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  • Did Bernanke Save the World? [View article]
    Bernanke is either grossly incompetent or lying, There is no middle ground. Unfortunately for us, the first step to recovery is to admit the truth.
    Aug 24, 2009. 09:04 AM | 11 Likes Like |Link to Comment
  • Death of the Consumer [View article]
    Two very telling charts provided here are consumer credit outstanding and e-commerce. Both are quite dramatic and support "this time it's different." Which is rarely correct, but I believe at the lower decks of the Titanic, where there is flooding rather than a merely inconvenient tilting of the decks, a new reality is being encountered, perhaps not accepted yet, by many.
    Bloated government as well as a grossly metastasized Wall St. were enabled by the ultimately Fed-fueled years of excess. Factoring in the dependants and jobs associated with these now-huge non-productive sectors reveals the enormity of the changes required.
    Wall St. and DC, as "authorities" in the old system, covered by MSM, have been able to get away with utterly stupid policies and daylight bailout robberies because the failed entities are huge and the effects of their failure would also be huge. Until the futility of this becomes more clear to many, we continue to dig our hole of useless debt deeper.
    Aug 24, 2009. 08:50 AM | 9 Likes Like |Link to Comment
  • China's 'Problem': Too Much Money [View article]
    Defenses of US policies and problems over China's tend to include most everything that's occurred during our long decline with a strong seasoning of false statistics. The long decline in lower 90% incomes, the soaring debts during "prosperity," the parallel increases in government and decline of manufacturing are only parts of the picture that are explained as somehow part of progress with cooked statistics to back them up.
    Even after all this plundering and stupidity, rational policies could possibly save us, albeit with wrenching changes. Millions would have to find honest work. But, throwing $trillions at Wall St. instead of using it for a safety net and creating far larger Federal deficits for mostly waste with more in the pipeline will surely fail to save us.
    Even now, ending most US military occupations around the world would would free up to a $trillion/year. Yet we still listen to apologists for our present, dangerous, failed policies.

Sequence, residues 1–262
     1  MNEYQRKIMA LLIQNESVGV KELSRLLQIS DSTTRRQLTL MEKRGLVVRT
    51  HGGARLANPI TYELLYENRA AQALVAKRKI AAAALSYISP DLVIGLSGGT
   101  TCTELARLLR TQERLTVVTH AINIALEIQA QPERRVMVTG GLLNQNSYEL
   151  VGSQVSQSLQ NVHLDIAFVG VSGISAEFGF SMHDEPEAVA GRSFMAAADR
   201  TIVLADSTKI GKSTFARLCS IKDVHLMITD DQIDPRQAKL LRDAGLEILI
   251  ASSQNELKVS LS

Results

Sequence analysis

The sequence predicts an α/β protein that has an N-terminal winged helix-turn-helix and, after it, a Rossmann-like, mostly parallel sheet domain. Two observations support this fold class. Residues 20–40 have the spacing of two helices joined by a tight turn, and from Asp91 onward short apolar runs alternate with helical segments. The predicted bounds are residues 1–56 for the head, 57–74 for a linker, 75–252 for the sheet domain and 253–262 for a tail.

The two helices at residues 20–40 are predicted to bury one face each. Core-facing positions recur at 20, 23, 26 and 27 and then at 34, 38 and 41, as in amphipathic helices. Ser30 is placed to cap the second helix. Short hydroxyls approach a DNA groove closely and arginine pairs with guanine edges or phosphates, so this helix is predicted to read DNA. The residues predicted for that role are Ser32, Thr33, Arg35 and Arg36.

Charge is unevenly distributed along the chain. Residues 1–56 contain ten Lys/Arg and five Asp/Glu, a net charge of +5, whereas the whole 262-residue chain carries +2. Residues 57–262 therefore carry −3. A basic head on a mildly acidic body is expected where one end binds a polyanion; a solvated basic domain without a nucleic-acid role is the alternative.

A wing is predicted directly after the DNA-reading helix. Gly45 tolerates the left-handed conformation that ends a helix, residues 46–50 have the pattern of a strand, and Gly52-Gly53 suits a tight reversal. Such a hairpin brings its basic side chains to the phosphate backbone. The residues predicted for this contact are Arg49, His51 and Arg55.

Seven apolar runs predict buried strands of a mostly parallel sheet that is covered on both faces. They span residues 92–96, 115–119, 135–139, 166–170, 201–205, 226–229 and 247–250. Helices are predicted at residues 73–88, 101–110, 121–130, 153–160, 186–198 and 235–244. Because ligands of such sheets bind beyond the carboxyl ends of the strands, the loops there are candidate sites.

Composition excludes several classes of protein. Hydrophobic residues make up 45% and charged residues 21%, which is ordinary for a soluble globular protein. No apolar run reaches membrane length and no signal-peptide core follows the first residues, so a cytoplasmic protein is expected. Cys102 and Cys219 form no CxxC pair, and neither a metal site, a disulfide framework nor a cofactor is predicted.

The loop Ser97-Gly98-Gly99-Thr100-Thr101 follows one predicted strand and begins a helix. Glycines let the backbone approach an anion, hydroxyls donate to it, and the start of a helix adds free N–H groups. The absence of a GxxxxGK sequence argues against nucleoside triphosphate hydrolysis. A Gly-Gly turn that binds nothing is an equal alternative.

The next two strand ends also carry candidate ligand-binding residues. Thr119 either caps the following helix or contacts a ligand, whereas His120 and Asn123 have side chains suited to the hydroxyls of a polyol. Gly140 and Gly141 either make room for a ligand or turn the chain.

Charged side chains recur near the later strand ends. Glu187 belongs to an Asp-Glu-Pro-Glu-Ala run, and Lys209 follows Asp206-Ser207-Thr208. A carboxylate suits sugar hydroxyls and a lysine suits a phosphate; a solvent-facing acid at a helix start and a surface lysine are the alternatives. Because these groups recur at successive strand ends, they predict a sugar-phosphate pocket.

Aug 23, 2009. 08:43 PM | 9 Likes Like |Link to Comment
  • The Anticipated Prime Mortgage Problem Has Arrived [View article]
    A reminder that the top tier, our leaders, have received record shares of national wealth and income which has been rising for decades. Over and over we see their failures to foresee and do anything helpful to earn this amazing haul except that they outsourced and downsized American's livlihoods and grabbed first and multi-$trillion bailouts.
    We're frozen in denial, hoping for it to all go away. The stock market isn't positioned for the kind of bad news these mortgage figures show. It seems with the kinds of shocks and adjustments we're in for, reversion not just to, but far beyone the mean is quite possible.
    Aug 23, 2009. 08:57 AM | 7 Likes Like |Link to Comment
  • Constitutional Problems with Healthcare Reform? [View article]
    Doesn't the disastrously insolvent Massachussets plan include such a mandate? Maybe they don't have to abide by the Constitution. Perhaps it's now like requiring car insurance for the privilege of driving. For the privilege of breathing you must buy government health insurance.
    Politicians yak on about mandating this or that. They add bells, whistles, the price and complexities leave earthbound people behind. A government catastrophic, high-deductible deal could work if the politicians could then leave it alone. None of which is actually possible.